A Brief History of Nassau County, Florida
Jan H. Johannes, Sr.

This section of northeast Florida we call Nassau County has a fascinating history that dates to the mid-16th century with the arrival of Europeans along the east coast and our inland waterways. Native Americans, however, fished these shores and cultivated the land for thousands of years before the Spanish, French and English arrived. These were the Timucuan Indians that thrived in North Florida and South Georgia until disease, brought by the settlers, wiped them out.
In the 1550s, French explorers Jean Ribault and Dominique de Gourgues anchored their ships in Cumberland Sound. Ribault came as an explorer and colonizer. de Gourgues came to avenge massacres of the French Huguenots. 
Spanish explorer Pedro Menendez founded St. Augustine in 1565 and two years later built a small fort at the north end of Amelia Island. This tells of our antiquity in relation to the nation’s oldest continually occupied city. 
Spanish influence dominated the island and mainland Nassau County throughout the 16th and 17th centuries, up until 1763, which was the first of two Spanish colonial periods in Florida history. Santa Maria was the name given the island (Amelia) and small settlement as it took on the role of outpost of the Spanish colonial capital of St. Augustine. Spanish settlers gradually moved inland and settled the St. Mary’s and Nassau Rivers and their small tributaries, populating the land of the Native American. 
Passing into the 18th century, Native American tribes shifted as European settlers increased. Carolina tribes moved south. The Uchees of the Muskogee tribe settled along the St. Mary’s River but the Seminoles moved on south.  
To the north were the English colonies of Georgia and the Carolinas and to the west were the Louisiana and Mississippi Valley French, each considering the other intolerable. Locally, the St. Mary’s River took on the role of a buffer between the Spanish and the English.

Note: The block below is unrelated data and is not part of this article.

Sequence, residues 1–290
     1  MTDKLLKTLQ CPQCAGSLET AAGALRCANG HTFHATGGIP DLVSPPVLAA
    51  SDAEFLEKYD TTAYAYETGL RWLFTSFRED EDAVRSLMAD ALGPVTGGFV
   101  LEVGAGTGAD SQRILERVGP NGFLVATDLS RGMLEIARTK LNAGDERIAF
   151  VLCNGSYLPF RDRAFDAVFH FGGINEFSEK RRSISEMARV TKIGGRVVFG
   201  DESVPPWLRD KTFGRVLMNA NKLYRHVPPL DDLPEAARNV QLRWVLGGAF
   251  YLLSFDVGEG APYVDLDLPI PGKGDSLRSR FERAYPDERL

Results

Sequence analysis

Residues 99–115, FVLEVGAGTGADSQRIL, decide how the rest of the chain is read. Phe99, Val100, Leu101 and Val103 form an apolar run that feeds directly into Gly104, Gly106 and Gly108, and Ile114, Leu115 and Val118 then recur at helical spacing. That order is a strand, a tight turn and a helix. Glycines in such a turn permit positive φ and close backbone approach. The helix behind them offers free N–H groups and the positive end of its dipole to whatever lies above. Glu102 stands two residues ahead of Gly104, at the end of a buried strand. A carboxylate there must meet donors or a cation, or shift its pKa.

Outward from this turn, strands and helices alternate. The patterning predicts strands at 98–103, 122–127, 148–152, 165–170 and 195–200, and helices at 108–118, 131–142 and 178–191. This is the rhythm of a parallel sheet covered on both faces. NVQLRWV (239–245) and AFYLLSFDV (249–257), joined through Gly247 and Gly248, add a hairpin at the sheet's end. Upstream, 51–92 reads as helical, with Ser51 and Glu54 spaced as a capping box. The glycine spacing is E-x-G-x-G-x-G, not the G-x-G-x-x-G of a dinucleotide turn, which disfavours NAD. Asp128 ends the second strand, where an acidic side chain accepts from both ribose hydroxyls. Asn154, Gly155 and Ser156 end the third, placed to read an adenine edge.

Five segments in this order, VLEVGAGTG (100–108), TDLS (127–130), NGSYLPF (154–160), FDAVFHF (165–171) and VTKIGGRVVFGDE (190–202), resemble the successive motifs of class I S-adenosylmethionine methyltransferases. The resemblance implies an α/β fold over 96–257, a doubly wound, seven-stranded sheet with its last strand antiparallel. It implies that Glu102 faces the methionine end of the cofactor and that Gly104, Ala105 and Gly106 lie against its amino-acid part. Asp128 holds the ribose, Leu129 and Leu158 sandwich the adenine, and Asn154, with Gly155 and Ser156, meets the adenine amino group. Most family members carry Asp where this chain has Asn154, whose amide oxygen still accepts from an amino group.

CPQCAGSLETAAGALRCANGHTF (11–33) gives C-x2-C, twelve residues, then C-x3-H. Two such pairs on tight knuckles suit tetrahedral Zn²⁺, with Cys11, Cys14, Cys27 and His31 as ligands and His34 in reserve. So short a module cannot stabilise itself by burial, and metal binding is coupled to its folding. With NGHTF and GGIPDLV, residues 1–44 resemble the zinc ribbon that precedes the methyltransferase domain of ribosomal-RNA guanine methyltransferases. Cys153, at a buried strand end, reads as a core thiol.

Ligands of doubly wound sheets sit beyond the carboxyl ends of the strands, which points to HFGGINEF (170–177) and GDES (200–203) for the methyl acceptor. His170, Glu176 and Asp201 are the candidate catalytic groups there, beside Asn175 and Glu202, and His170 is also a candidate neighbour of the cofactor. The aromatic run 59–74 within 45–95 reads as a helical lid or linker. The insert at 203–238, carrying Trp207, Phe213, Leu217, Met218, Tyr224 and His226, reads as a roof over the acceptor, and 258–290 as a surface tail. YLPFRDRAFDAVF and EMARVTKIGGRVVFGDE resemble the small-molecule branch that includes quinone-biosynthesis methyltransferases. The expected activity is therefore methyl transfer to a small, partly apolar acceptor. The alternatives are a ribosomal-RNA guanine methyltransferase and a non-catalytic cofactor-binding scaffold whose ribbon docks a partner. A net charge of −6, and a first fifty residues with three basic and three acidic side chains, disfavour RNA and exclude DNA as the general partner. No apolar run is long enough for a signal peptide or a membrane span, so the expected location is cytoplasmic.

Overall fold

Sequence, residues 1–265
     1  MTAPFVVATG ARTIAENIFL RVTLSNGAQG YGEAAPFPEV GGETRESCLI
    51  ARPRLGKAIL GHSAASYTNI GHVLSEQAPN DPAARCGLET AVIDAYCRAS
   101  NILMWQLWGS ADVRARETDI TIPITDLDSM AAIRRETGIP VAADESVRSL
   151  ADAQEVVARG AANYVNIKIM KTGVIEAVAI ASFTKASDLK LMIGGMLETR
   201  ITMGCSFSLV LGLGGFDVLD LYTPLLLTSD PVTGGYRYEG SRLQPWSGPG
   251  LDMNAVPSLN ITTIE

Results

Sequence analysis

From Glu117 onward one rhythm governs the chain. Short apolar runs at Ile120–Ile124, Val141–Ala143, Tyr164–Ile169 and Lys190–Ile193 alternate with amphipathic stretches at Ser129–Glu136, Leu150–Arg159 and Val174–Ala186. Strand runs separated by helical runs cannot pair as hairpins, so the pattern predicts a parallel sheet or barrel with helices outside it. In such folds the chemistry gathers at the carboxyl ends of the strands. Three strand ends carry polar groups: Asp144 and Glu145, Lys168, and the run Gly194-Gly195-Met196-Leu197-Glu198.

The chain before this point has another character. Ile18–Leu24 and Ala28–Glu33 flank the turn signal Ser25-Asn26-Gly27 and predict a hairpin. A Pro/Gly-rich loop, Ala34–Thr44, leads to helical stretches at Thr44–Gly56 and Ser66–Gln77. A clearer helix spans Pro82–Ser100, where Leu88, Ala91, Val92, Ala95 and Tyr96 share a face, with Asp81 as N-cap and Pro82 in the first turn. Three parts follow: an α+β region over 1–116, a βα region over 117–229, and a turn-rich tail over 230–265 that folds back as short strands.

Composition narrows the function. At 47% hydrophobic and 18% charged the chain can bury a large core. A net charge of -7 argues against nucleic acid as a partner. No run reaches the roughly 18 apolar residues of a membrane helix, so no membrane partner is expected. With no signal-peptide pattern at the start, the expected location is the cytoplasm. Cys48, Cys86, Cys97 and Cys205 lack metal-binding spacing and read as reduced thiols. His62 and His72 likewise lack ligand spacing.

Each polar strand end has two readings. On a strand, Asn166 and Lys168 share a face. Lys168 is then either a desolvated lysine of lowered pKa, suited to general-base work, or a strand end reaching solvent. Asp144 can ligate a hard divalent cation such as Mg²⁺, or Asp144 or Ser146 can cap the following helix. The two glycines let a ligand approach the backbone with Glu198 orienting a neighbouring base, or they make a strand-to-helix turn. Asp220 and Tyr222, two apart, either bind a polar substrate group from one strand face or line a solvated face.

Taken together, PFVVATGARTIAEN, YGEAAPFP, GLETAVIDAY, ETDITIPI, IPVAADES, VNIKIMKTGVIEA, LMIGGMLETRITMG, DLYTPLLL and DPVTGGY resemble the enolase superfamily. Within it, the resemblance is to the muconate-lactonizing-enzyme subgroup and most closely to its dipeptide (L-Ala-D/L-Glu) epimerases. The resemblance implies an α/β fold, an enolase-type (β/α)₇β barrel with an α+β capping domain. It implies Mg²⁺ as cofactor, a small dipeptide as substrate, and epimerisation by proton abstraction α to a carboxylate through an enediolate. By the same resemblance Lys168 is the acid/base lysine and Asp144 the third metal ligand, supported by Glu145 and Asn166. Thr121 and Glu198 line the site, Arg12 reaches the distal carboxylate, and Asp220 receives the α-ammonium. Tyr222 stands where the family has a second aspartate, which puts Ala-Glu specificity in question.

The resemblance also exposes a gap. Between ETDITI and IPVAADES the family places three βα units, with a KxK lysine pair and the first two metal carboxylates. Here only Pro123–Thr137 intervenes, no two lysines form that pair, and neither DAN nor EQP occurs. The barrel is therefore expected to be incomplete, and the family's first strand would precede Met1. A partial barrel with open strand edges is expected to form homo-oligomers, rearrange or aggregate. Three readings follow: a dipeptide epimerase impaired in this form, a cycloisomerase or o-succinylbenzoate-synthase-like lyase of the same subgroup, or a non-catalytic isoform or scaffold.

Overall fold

Florida was transferred to the British by the Treaty of Paris in 1763, with the Brit's then controlling all of the American east coast. It brought to Florida the plantation system that would survive for nearly 100 years. The British began a program of development and construction; planning the community of Bermudas at what is now Crandall Campgrounds. A highway was constructed from the northern colonies to St. Augustine, crossing the St. Mary's River, extending south through what is now Callahan and Jacksonville.
In the mid-1770s, came the American Revolution. To the north, Georgia and the Carolinas were part of the thirteen colonies that would become the United States of America. From those states would come the American Patriots probing across the St. Mary's River in an attempt to disrupt and unseat British control.
The British constructed Fort Tonyn in 1776, of timbers and earthworks, a mile east of the King’s Road crossing at Kings Ferry. Lightly defended, the British abandoned it with the advancing Georgia militia and federal troops, moving south along Kings Highway to a bridge at Alligator Creek (Callahan). There they were joined by British troops from St. Augustine and repelled the American troops that had followed from the St. Mary’s. This was the last of the American forces until after the turn into the 19th century. The battle at Alligator and another at Thomas Creek off of the Nassau River, were the only Revolutionary conflicts to take place in today's Nassau County.  
By 1783, Florida was again transferred back to the Spanish bringing a greater sense of peace along the St. Mary's. A land-grant system was re-established and the plantation system continued. By 1790, Spanish colonial rule effectively fostered the first real land boom.
The first fifteen years of the 19th century brought pirates, bandits, rascals, slave runners and foreign intervention to Amelia Island and the mainland. The Jeffersonian Embargo of 1807, restricted American ships from engaging in foreign trade, especially the importation  of slaves. Amelia Island and Fernandina then became a preferred slave smuggling port. The population of Fernandina rapidly grew and some accounts claim as many as 150 sailing vessels would be anchored in the harbor. 
In 1821, Florida was ceded to the United States and with that this land of ours became a part of Duval County. It would be 1824 before Nassau County would break away as a county unto itself. Though Fernandina was named the county seat, the town was in a growth slump that, in 12 years, would force the relocation of the seat of government to Sand Hill on the mainland. 
By the 1830s there were few roads through the pine forests of mainland Nassau County. The Kings Road went north to south and trails and paths connected the small settlements along the St. Mary’s and a few of its tributaries.  
The county seat remained at Sandhill until after Civil War broke out and Union troops landed on Amelia Island. For the safety of county records the county seat was moved further inland to a point on the King’s Road between today’s Hilliard and Callahan. It remained there until Union forces arrived and forced return of the records to Fernandina.